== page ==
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Europe to the fore, elsewhere through the floor: How LNG flows were turned on their head in 2022

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Europe to the fore, elsewhere through the floor: How LNG flows were turned on their head in 2022

  • Featuring
  • Ciaran Roe
  • Commodity
  • LNG
  • Topic
  • Europe Energy Price Crisis War in Ukraine

Europe's policy shift to LNG and away from Russian pipeline gas has sent cargo import volumes surging by 65% in the first nine months of 2022 versus the same period in 2021.

Unsurprisingly, LNG imports to Europe from almost every supply source will increase, while a significant volume that was previously going to other markets, such as Asia or Latin America, is now being consumed by Europeans.

This isn't how things were supposed to be.

Analysts at S&P Global Commodity Insights forecast as early as one year ago that Asia Pacific, the world's largest LNG consuming region, will post a 5%-10% LNG demand growth in 2022. Demand is now likely to fall by that percentage range this year.

China, which has been the growth engine for LNG demand until 2022, is on course to import the lowest amount of LNG since 2019. Several companies in China are in the process of a major regasification capacity buildout over the next two years – upward of 50 million mt by end-2024 – but with international spot prices still higher than downstream prices in much of the country, the prospects for near-term growth are weak.

Meanwhile, Europe's policymakers had been creating an environment where managed decline of LNG imports was likely. Forecasts reflected this: a Q3 2021 outlook from S&P Global suggested European LNG demand would reach 82 million mt in 2022, or flat on-year, and fall until the middle of the decade.

European LNG demand forecast vs reality

In fact, Europe (including UK and Turkey) imported nearly 95 million mt in Q1-Q3 2022. This amounted to 32% of global LNG imports, versus just 21% in 2021. Of the total spot trades – which has dropped to under 29.5% of total LNG trade in 2022 compared to 33% in 2021 – Europe takes credit for one-third. In 2021, Europe accounted for just 12.6% of total spot activity, below Latin America.

The reasons for these rapid, tumultuous changes in flows are well-known. The purpose of this report is to highlight where this influx of LNG is coming from, why it is coming from there and how prices are changing to determine arbitrage.

European LNG supply sources

Europe's top three LNG suppliers remain unchanged: the US, Qatar, and Russia. However, within this list there are hidden details.

US exports to Europe have already more than doubled on-year even before Q4 started. This highlights the flexibility of US-origin LNG: it goes to where the highest price is. On average, European LNG prices have been higher than Asian LNG prices when considering the freight difference from US-Europe and US-North Asia.

Qatar's exports have risen more modestly, and the gains are mainly into markets where the exporter has long-term terminal capacity: UK, Belgium and Italy. Those three countries account for nearly 80% of Qatar's Europe-bound exports, up from two-thirds in 2021. Long-term terminal access capacity has been crucial this year, when the price difference between gas hubs and LNG delivered-ex-ship prices have been at their widest on record. Having long-term capacity allows companies to take advantage of this greater margin.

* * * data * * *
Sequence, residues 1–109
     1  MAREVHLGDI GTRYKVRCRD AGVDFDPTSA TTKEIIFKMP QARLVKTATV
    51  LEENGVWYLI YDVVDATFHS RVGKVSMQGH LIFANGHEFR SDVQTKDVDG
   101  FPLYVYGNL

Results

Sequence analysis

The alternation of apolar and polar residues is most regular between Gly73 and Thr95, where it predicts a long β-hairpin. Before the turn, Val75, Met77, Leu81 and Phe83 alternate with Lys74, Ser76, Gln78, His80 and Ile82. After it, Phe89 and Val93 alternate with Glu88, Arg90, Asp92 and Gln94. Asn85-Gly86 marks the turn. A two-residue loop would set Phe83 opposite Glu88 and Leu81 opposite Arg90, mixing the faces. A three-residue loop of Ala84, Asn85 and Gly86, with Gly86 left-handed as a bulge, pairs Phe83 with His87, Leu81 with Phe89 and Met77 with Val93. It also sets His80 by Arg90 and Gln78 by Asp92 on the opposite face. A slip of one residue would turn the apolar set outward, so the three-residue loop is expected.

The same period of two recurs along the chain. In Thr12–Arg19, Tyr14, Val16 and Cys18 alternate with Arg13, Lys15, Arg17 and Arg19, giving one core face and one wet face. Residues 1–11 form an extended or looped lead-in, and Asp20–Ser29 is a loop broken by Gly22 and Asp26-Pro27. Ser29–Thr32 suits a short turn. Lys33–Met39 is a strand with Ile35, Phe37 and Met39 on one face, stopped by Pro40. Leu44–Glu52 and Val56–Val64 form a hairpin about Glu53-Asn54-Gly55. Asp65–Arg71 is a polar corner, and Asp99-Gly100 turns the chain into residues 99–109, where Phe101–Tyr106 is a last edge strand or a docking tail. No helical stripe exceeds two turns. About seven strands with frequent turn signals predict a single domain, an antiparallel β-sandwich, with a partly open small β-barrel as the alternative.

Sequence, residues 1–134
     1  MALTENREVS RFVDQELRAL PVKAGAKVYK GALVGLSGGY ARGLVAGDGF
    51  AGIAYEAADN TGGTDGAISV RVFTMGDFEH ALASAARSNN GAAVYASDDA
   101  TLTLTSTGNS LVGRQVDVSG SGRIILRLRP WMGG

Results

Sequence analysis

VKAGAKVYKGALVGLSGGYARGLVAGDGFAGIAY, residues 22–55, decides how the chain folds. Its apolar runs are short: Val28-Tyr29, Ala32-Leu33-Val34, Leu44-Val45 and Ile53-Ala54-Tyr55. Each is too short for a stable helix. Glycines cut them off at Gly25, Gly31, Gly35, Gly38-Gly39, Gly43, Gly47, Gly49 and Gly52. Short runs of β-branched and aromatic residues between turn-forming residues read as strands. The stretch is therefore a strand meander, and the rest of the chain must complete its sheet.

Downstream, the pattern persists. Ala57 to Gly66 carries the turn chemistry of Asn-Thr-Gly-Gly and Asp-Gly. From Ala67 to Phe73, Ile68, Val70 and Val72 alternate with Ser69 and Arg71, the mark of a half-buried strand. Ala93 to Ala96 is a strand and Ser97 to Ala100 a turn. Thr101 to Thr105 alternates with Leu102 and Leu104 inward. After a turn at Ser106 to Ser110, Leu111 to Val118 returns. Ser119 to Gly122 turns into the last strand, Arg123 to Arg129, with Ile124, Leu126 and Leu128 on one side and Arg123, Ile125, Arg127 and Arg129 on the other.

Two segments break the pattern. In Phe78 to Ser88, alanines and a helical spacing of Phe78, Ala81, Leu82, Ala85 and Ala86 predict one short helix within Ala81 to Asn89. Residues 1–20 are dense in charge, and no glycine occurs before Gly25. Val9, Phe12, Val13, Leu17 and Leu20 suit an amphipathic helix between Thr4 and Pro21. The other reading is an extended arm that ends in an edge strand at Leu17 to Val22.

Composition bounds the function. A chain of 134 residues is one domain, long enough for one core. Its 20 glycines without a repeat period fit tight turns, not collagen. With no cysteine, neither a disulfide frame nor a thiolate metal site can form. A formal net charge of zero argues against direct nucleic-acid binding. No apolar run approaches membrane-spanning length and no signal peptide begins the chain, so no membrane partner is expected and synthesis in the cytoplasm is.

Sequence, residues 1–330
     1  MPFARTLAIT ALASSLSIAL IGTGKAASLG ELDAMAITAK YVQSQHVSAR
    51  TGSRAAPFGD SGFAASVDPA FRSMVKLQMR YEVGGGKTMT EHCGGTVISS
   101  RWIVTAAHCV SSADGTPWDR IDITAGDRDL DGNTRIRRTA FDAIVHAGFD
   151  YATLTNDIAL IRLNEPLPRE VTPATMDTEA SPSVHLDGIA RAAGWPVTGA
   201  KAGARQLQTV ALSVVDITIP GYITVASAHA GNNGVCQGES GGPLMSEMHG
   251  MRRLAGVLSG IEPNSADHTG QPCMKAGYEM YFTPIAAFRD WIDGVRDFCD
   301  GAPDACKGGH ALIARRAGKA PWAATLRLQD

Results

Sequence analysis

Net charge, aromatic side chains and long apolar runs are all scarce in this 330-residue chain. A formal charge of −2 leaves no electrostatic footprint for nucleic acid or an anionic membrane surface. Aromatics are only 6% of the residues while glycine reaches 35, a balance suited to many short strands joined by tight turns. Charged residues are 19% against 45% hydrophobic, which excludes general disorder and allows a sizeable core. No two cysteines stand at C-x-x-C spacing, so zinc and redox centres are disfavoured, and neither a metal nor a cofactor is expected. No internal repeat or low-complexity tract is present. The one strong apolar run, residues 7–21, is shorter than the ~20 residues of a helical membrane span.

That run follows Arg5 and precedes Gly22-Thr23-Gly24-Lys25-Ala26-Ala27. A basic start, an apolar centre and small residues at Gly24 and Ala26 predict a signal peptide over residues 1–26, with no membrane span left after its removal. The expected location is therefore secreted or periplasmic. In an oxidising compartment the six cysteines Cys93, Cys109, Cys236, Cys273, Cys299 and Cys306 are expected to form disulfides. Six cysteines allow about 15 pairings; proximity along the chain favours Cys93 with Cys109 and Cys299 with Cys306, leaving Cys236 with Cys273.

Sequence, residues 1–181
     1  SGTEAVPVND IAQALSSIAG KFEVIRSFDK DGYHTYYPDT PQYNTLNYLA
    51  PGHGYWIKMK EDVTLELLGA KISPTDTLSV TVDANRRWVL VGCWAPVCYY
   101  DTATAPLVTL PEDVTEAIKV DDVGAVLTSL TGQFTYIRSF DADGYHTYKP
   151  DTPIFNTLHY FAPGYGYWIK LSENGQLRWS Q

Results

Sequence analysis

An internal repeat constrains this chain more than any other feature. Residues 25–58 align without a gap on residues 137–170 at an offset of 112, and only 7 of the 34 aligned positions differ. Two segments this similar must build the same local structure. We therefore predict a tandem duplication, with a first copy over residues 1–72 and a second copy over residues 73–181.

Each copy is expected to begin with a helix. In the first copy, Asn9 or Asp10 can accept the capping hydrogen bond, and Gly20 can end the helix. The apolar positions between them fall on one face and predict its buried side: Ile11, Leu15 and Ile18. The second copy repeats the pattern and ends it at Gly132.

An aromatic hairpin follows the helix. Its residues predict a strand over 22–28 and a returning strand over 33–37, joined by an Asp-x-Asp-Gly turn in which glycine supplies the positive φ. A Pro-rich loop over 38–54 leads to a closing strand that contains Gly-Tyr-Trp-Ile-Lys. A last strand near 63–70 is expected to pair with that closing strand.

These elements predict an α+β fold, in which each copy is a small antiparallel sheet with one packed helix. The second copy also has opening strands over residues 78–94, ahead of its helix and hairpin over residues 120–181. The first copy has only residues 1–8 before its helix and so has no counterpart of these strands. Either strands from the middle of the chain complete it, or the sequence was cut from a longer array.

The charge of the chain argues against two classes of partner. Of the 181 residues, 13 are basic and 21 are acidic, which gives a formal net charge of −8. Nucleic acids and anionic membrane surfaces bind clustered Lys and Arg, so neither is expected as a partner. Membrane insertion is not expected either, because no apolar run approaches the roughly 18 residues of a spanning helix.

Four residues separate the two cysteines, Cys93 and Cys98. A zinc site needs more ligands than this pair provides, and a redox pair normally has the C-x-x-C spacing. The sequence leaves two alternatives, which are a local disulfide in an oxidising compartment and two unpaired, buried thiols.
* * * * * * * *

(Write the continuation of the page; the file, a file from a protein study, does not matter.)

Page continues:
These are the two reasons for the surge in LNG imports to Europe: for those with access to long-term terminal capacity in certain locations they have been able to take advantage of the new premiums for European gas hubs; for those without but with access to US-origin volumes, they have generally been receiving stronger prices on a DES Europe basis than a DES Asia basis for cargoes.

The discount to European gas hub prices for European LNG has been the subject of much debate in 2022. Some market commentators have reasoned it away as purely the cost of terminal access. In fact, there are three factors that determine the difference in European LNG against European hub prices: global LNG market dynamics (the relative pull or push of material from other regions), inter-European hub price differences, and the cost of secondary terminal access.

LNG prices and freight rates

Were terminal access costs the only determinant of the differential, European LNG prices would never have been at a premium to European hub prices as they were for the majority of 2021, when strong demand from China and Brazil dragged spot tons away from Europe. LNG being at a premium to European hub prices was a factor in the lack of stock build seen in Europe in 2021, which precipitated some of the present crisis.

Europe's third-largest LNG supplier, Russia, has also seen a tightening in the concentration of its offtake markets in Europe, but for very different reasons. Spain, France and Belgium – three markets for a variety of reasons that are the most likely to take term Russia-origin LNG – have seen volumes increase over 3.3 million mt in Q1 to Q3 on-year. Globally, while Russia is likely to export more LNG in 2022, its largest buyers are taking up a larger proportion of its total exports.

In conclusion, Europe's shift to LNG has had profound effects on global trade flows, and in the spot market has moved volumes from major growth areas such as China. This dynamic is likely to persist in 2023 as Europe remains reliant on near-term LNG imports and there is very little prospect of Russian pipeline flows matching even the volumes seen in 2022.

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